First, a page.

Make Your Boat Go Faster

Use these eight tips to get more speed from your boat.

September 20, 2018
Make Your Boat Go Faster
Changing props could help you gain an edge in performance. Courtesy Fountain Powerboats (Iconic Marine Group)

Maybe it won’t plane quickly enough, the rough-water handling is unpredictable, or the propeller ventilates in hard turns. For many, top speed is the issue; who wouldn’t want a few more miles per hour? Whatever your speed concern, it can probably be improved — though it may not be cheap or easy. Here are eight tips for improving speed and acceleration.

Videos and Photos: Document the Progress
What once was a pain (a friend with a ­camcorder) is now easy-peasy. Have your buddy use a phone to video your boat at speed so you can critique its performance. This is a great way to show setup experts and prop shops. Look to see if all or most spray exits the boat at the transom (none or very little exiting the hull from the sides means more efficiency). If there’s a rooster tail, it should be long and low — behind the boat 20 to 40 feet and no higher than the top of the outboard cowl — not high like a jet boat’s nozzle spray. The boat’s bow should be riding (“carrying”) at an angle of approximately 3 to 5 degrees positive incline, maximum. If you see anything other than these visual clues, the boat-and-motor setup is not right. More performance is there for the taking, and pros can show you how.

Propeller Selection
Your propeller is the transmission that converts power into motion. Check that your prop’s blades are in good condition — clean and sharp, with no dings or nicks. If not, it may be time for a tuneup at a prop shop.


What type of propeller do you have? Is it right for your perform­ance application? A round-ear propeller is good for overall lift, delivers strong performance under varying conditions, and excels at low-end and midrange acceleration performance. Cleaver-style propellers work well on light boats, or boats that have a lot of natural lift built in (e.g., tunnel hulls or catamarans). Cleavers typically do not accelerate well but provide optimum top speeds. Larger, thicker blades with more surface area are better for larger, heavier hulls with larger gear cases. Smaller blades with less diameter and surface area will not provide enough thrust to carry larger hulls.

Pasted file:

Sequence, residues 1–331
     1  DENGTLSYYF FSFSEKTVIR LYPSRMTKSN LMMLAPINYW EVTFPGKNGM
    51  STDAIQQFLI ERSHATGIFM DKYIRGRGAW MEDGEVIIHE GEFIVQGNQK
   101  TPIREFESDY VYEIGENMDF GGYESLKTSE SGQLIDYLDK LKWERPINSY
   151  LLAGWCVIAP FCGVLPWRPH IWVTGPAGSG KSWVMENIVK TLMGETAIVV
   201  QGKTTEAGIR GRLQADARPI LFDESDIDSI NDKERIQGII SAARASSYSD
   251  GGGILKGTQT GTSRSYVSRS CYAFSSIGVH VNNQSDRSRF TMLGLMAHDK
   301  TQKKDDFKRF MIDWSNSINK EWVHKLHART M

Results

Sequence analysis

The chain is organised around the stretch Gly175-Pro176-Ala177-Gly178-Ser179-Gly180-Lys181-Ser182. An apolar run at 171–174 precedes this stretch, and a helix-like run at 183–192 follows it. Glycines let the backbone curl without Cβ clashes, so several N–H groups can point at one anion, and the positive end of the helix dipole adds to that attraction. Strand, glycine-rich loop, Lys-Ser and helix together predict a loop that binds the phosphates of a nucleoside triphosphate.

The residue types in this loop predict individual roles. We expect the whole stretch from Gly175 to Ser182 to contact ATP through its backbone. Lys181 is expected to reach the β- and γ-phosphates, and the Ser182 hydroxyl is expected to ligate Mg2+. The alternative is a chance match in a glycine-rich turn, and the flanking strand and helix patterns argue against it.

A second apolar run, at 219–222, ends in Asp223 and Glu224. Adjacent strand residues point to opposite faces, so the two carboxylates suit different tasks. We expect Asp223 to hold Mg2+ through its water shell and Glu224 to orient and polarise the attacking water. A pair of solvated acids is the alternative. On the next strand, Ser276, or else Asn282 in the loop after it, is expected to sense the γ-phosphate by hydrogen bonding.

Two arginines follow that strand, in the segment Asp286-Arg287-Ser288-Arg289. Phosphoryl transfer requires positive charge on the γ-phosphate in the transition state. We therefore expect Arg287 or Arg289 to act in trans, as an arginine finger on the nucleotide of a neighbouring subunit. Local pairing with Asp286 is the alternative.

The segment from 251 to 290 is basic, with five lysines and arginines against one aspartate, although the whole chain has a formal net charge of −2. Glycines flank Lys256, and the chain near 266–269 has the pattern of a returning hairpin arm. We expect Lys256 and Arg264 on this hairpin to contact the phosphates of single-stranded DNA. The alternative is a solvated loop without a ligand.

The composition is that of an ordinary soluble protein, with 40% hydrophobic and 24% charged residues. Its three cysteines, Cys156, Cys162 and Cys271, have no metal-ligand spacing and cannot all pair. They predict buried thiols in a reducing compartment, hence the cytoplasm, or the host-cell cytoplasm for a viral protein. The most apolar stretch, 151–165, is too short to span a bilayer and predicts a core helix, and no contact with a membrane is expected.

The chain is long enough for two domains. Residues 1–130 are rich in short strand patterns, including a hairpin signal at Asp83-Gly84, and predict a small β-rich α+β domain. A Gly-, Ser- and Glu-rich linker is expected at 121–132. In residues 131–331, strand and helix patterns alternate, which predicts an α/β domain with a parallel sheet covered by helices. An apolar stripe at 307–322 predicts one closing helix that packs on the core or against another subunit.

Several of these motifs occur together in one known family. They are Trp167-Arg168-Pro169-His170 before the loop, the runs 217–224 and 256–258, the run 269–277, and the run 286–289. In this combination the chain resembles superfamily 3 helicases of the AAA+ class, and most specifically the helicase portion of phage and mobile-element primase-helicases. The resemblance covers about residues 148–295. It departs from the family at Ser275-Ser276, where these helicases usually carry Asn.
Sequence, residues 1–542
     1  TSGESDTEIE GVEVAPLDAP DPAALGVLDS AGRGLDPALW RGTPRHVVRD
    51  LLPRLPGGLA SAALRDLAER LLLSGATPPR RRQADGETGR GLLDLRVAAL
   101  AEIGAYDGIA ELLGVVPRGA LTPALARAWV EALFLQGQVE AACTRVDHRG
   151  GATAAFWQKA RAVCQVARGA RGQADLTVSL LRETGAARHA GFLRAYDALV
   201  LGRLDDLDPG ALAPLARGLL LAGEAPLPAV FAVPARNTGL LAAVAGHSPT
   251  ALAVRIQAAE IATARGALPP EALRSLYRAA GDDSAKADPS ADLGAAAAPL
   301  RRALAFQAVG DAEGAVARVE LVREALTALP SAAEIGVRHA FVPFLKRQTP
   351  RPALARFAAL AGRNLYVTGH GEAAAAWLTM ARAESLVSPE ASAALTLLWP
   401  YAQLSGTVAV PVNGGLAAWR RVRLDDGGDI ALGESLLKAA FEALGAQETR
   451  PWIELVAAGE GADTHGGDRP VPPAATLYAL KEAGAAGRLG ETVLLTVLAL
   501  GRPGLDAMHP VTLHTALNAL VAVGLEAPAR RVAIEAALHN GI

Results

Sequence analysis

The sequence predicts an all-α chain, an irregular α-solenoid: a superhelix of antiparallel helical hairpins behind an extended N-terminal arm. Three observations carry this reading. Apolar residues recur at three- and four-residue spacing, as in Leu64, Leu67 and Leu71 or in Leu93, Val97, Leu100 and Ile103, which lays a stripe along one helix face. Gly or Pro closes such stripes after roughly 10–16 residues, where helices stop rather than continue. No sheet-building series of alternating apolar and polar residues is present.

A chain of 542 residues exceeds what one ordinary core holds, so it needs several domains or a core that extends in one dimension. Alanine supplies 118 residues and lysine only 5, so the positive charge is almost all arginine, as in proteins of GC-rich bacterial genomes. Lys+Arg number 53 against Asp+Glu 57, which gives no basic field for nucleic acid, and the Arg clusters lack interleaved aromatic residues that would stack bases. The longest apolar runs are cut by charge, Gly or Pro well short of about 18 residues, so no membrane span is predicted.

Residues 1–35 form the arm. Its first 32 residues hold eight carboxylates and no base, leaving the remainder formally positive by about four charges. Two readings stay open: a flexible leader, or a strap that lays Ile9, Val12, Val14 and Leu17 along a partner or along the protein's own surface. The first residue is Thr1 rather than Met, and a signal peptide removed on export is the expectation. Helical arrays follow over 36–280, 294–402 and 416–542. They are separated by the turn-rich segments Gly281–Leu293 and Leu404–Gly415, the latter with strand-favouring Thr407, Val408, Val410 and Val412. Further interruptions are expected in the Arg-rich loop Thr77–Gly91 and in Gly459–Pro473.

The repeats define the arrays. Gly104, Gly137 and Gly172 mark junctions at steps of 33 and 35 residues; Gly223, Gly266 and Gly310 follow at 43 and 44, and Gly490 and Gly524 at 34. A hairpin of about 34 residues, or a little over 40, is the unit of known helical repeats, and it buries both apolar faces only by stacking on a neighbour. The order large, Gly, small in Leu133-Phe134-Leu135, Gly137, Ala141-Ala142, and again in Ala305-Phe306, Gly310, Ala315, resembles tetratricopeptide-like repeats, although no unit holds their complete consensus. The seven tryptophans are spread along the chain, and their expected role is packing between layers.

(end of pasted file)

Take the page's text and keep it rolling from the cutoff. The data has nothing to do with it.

Discuss your boat’s performance with experts at a prop shop and show them your props to determine what changes are needed and what results are realistic. Last, remember the old racer’s adage: Never turn down the opportunity to try another propeller.

Blueprinting the Boat Bottom
Tuning your boat’s bottom is a time-consuming and back-breaking chore but can yield strong results. Gains of 3 to 5 mph would cost thousands in propeller and engine modifications but cost merely hundreds in time and materials. The goal is to achieve a straight, sharp and crisp bottom from the transom to at least 6 feet forward. The transom, chine and strake edges should be filled and sanded until they are sharp so water does not cling to the corners. A straightedge pressed against the hull will reveal humps and hollows to be filled or taken down.


Engine Setback/Jack Plate
Outboarders can benefit from the addition of an engine setback/jack plate, either manually or electro-hydraulically adjustable. With remote electro-hydraulic adjustment, minute changes can be made on the fly to compensate for changing water and load conditions. A jack plate should be considered a must-have for most outboard performance buffs.

Weight Distribution
Most boaters carry too much stuff. Rid your craft of extra weight that robs speed. Years ago, we conducted tests on a fast bass boat. An old friend with the same boat as our tester approached me afterward and called our speed results baloney. After unloading well over 250 pounds of gear on the dock, he achieved speeds within 1 mph of ours. Lesson learned: Reduce weight, and for the gear you must carry, place it strategically to maximize bow lift and speed.

High-Performance Steering Systems and Engine Controls
Another old racer’s adage: You can’t win the race if you can’t drive the boat. Boat control is key to a safe and fast ride. Be sure your steering system is up to the task and adjusted regularly to remove all potential slack. Make sure your engine is mounted securely to the hull, with solid mounts if necessary. For the best driving control, strongly consider a foot-control throttle and remote-mounted power trim, jack plate and trim-tab controls (on the steering wheel, steering column or floor). Last, install and wear an engine emergency-cutoff switch.


Gear-Case Modifications
If your boat’s steering wheel tends to pull hard to one direction, that’s engine torque. A torque tab, mounted to the gear-case skeg, will help ease that tension on the wheel and aid in driving. For those boats capable of speeds over 70 mph, other gear-case modifications — like extended nose cones with low-water intake pickups — will add speed and handling.

Read Next: Improving Propeller Efficiency

Trim Tabs
Boats that experience handling problems such as poor planing, listing, chine walking and difficult rough-water driving will benefit from the addition of dash-adjustable trim tabs. The tabs can be deployed downward for quicker planing and to smooth out an up-sea run, and can be adjusted upward to let the bow rise and reduce the wetted hull surface.


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